'Art squad' drawn into terror fight
They are artists who draw great portraits but few people would commission them for one, nor are their works likely to be exhibited in art galleries or go under the hammer at auctions.
But they are in great demand in India where terror attacks are on the rise.
Even before last November's Mumbai carnage, there were 11 major terrorist strikes in just two years across the country.
In an effort to catch the perpetrators, police are increasingly calling on the 'art squad' to draw sketches of suspected and wanted criminals based on witness and victim accounts.
Today's forensic artists are using art and technology to draw the faces of still-at-large killers and are a boon for security and intelligence agencies, including the Central Bureau of Investigation (CBI), India's FBI. These artists usually shun the limelight, although their work is sometimes seen nationally in the electronic and print media.
'I fight terrorism with a pencil - and an eraser,' says Calcutta-based Nitin Kumar Biswas, 59.
'My art is very intricate and time-consuming. The pictures we draw must at least bear 80-90 per cent resemblance to the real suspect for a breakthrough.
'I show the sketch first to witnesses who described the suspect's facial features and make changes based on their reaction to the portrait,' he says.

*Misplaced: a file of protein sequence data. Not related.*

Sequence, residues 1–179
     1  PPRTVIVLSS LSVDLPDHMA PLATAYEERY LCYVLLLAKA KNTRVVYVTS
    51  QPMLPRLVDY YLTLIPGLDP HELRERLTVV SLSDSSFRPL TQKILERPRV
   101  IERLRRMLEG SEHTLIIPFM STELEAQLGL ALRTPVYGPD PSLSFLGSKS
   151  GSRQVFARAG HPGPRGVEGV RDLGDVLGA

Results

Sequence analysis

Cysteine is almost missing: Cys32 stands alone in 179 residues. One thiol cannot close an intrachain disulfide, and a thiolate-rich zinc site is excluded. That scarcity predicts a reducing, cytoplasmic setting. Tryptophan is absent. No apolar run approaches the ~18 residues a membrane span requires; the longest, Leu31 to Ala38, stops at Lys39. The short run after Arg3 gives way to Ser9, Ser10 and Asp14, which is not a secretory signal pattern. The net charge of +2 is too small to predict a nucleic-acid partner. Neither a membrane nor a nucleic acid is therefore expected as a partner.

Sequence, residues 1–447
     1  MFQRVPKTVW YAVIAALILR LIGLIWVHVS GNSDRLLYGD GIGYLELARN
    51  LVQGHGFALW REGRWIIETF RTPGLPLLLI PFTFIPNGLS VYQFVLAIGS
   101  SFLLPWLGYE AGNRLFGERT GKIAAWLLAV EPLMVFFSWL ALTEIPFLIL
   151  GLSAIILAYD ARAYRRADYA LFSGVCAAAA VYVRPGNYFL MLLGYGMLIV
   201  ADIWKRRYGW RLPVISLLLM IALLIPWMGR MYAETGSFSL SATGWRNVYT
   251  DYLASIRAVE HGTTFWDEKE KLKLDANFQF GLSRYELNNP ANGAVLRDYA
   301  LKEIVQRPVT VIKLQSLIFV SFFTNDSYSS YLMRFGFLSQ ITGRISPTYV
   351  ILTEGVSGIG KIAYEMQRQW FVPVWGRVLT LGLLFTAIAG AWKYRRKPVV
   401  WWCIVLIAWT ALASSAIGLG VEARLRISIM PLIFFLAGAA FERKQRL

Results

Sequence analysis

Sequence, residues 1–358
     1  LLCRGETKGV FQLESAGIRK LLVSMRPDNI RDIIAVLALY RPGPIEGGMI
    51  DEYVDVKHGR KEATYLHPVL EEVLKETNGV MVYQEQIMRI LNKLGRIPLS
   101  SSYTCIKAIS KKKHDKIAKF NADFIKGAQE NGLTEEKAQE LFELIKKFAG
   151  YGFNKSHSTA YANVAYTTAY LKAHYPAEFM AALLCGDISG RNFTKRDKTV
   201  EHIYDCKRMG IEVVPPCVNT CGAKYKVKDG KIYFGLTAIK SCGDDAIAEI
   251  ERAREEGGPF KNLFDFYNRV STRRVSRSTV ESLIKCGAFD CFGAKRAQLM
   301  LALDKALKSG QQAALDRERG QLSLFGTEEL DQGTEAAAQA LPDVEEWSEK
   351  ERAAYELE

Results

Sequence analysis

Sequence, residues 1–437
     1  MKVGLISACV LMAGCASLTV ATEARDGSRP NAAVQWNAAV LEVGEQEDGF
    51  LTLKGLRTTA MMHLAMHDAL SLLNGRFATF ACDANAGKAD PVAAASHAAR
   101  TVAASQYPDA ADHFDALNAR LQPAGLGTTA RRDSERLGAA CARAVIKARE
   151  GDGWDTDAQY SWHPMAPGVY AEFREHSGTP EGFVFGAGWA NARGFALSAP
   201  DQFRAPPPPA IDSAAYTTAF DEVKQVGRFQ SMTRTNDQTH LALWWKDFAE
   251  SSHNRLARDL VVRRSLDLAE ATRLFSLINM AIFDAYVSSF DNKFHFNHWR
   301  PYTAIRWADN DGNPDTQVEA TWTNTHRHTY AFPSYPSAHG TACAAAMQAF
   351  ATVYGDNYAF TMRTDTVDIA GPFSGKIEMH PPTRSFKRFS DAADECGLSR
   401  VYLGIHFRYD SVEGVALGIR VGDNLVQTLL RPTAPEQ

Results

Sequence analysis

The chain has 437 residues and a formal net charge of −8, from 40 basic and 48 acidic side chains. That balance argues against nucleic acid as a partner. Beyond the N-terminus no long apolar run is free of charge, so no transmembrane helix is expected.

Biswas is employed by the police directorate but most other artists assisting investigators are freelancers who charge from 5,000 rupees to 20,000 rupees (HK$800-HK$3,200) for a portrait.
Mumbai-based Naresh Korde, 24, has sketched the likenesses of the Ghatkopar, Hyderabad, Varanasi and Ayodhya bombers.
'Seventy-five per cent of my sketches have led to arrests. So I am directly involved in the fight against terror,' says Korde.
'I started receiving threatening telephone calls and letters after I was featured in a Mumbai newspaper. But I'm not intimidated.' Korde has job offers from the police in several Indian provinces.
Though freelancers are offered access to computer software designed for artistic depiction of suspects, Biswas keeps computers at arm's length. 'The sketch can never be accurate if you have to choose from a limited set of eyes, noses, jawlines and eyebrows,' he says.
He has his own method of collecting information about facial features, Biswas says. He sometimes takes witnesses to overcrowded areas and asks them to find someone resembling the wanted man. But that is not always an easy task. Sometimes witnesses are so traumatised they can't concentrate.
Biswas says artists must also be wary of unethical police officers who try to sway witnesses or victims because they have a suspect in mind.